The Epidemiology of Ventricular Assist Device-Related Infections
|ClinicalTrials.gov Identifier: NCT01471795|
Recruitment Status : Completed
First Posted : November 16, 2011
Last Update Posted : November 16, 2011
|Condition or disease|
|Congestive Heart Failure|
Infections are one of the most serious of ventricular assist device (VAD) related complications. Many of these infections are associated with significant patient morbidity and mortality. Diagnosis of these infections is often difficult due to the complicated nature of the patient's medical problems, the need for rapid institution of empiric antibiotic therapy and the lack of established criteria that define infection. Staphylococci are among the most common causes of VAD infections. The basis for this high incidence is not well understood but is believed to be in part due to inoculation of staphylococcal commensal flora into wound sites at the time of surgery or thereafter. The goals of this observational study are to develop a better understanding of the pathogenesis and epidemiology of Staphylococcus aureus and epidermidis-VAD infections as well as to develop a set of criteria that can be used to help diagnose the presence or absence of a VAD related infection.
This is a prospective, multi-center, observational study to identify risk factors associated with the development of VAD-related infections. Patients will be followed for up to one year following VAD implantation, time of death or transplantation, whichever comes first. There will be no randomization for this observational study.
|Study Type :||Observational|
|Actual Enrollment :||150 participants|
|Official Title:||The Epidemiology of Ventricular Assist Device-Related Infections|
|Study Start Date :||January 2006|
|Actual Primary Completion Date :||January 2009|
|Actual Study Completion Date :||January 2009|
150 subjects with end-stage heart failure who have been scheduled to undergo device implantation with a VAD, either as a bridge to cardiac transplantation or for destination therapy.
- The incidence of suspected infections, characterized by infecting organism and location. [ Time Frame: Duration of the study, up to one year following VAD implantation, time of death or transplantation, whichever comes first. ]The primary goal is to collect information that describes infections in patients receiving LVADs.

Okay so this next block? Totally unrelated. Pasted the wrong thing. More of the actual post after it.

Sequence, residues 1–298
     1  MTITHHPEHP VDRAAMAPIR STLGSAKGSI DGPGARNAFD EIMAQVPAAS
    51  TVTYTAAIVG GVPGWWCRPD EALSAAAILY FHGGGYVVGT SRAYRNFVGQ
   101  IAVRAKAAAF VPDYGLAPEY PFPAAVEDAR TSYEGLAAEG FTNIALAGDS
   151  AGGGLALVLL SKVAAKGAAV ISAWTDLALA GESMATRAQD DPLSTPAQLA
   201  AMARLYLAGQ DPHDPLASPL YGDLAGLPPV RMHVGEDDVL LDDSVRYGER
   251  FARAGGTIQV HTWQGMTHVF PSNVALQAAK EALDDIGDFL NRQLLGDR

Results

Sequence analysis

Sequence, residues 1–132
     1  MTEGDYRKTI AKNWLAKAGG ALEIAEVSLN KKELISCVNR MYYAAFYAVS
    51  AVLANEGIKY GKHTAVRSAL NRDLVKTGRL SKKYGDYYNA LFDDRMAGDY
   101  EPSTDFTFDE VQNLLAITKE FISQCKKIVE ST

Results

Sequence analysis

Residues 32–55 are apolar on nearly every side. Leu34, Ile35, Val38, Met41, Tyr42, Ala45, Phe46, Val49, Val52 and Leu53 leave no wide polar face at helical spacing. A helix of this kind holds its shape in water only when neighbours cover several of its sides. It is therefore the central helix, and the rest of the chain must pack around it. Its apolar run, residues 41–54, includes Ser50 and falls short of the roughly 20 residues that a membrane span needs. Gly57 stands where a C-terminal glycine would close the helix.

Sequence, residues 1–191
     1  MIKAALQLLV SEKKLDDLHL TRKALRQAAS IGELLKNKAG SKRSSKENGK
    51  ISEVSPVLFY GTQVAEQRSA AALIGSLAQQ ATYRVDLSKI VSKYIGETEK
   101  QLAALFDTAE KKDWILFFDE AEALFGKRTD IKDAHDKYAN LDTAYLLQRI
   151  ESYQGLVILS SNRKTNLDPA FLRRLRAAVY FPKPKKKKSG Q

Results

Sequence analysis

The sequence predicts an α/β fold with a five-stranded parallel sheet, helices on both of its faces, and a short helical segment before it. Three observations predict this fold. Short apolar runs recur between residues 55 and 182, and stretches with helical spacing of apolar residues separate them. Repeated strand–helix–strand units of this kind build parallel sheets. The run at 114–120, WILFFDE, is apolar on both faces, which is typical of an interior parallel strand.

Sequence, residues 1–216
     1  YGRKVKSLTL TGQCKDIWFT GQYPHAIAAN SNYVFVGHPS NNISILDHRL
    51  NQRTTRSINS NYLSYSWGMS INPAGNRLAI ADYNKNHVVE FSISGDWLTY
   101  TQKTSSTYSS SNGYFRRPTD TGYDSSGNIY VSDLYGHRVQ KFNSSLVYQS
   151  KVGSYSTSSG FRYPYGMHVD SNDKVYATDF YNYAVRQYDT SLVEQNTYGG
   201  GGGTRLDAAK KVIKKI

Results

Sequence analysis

- Collect and quantify culture results for suspected infections and the secondary manifestations of infection [ Time Frame: Duration of the study, up to one year following VAD implantation, time of death or transplantation, whichever comes first. ]Bacteria normally live on our skin and in our noses.After surgery, they can infect the VAD. We will collect cultures before and after surgery and compare these bacteria to bacteria that cause infections.Their genes will be compared to see which ones help the bacteria cause infection. We hope this will help develop new ways to help prevent VAD infections.
- Develop Guidelines to properly diagnose VAD infections [ Time Frame: Up to one year following VAD implantation, time of death or transplantation, whichever comes first. ]Information will be collected on patient's medical condition after surgery including blood tests to help determine if an infection is present.
- Costs (direct) [ Time Frame: Duration of the study, up to one year following VAD implantation, time of death or transplantation, whichever comes first. ]The value of all resources that are consumed in the provision of an intervention or dealing with the side-effects or other current and future consequences linked to it.
- Adverse Events [ Time Frame: Duration of the study, up to one year following VAD implantation, time of death or transplantation, whichever comes first. ]Since this is an observational study there will be no adverse events directly attributable to a study intervention. However, adverse events that might potentially contribute to the risk or course of VAD-related infections will be monitored.
Please refer to this study by its ClinicalTrials.gov identifier (NCT number): NCT01471795
|United States, Alabama|
|University of Alabama at Birmingham|
|Birmingham, Alabama, United States, 35294|
|United States, California|
|Sharp Memorial Hospital|
|San Diego, California, United States, 92123|
|United States, Illinois|
|Advocate Christ Medical Center|
|Oak Lawn, Illinois, United States, 60453|
|United States, Kentucky|
|Louisville, Kentucky, United States, 40202|
|United States, Michigan|
|University of Michigan|
|Ann Arbor, Michigan, United States, 48109|
|United States, Minnesota|
|University of Minnesota|
|Minneapolis, Minnesota, United States, 55455|
|United States, New York|
|Montefiore Medical Center|
|Bronx, New York, United States, 10467|
|Columbia Presbyterian Medical Center|
|New York, New York, United States, 10032|
|United States, Pennsylvania|
|Hospital of the University of Pennsylvania|
|Philadelphia, Pennsylvania, United States, 19104|
|United States, Utah|
|Salt Lake City, Utah, United States, 84143|
|United States, Washington|
|Sacred Heart Medical Center|
|Spokane, Washington, United States, 99204|
|United States, Wisconsin|
|University of Wisconsin Hospital|
|Madison, Wisconsin, United States, 53792|
|St. Luke's Medical Center|
|Milwaukee, Wisconsin, United States, 53215|
|Study Director:||Patrice Desvigne-Nickens||National Heart, Lung, and Blood Institute (NHLBI)|
|Study Chair:||Yoshifumi Naka, MD||Columbia University|
|Principal Investigator:||Michael Parides, PhD||Icahn School of Medicine at Mount Sinai|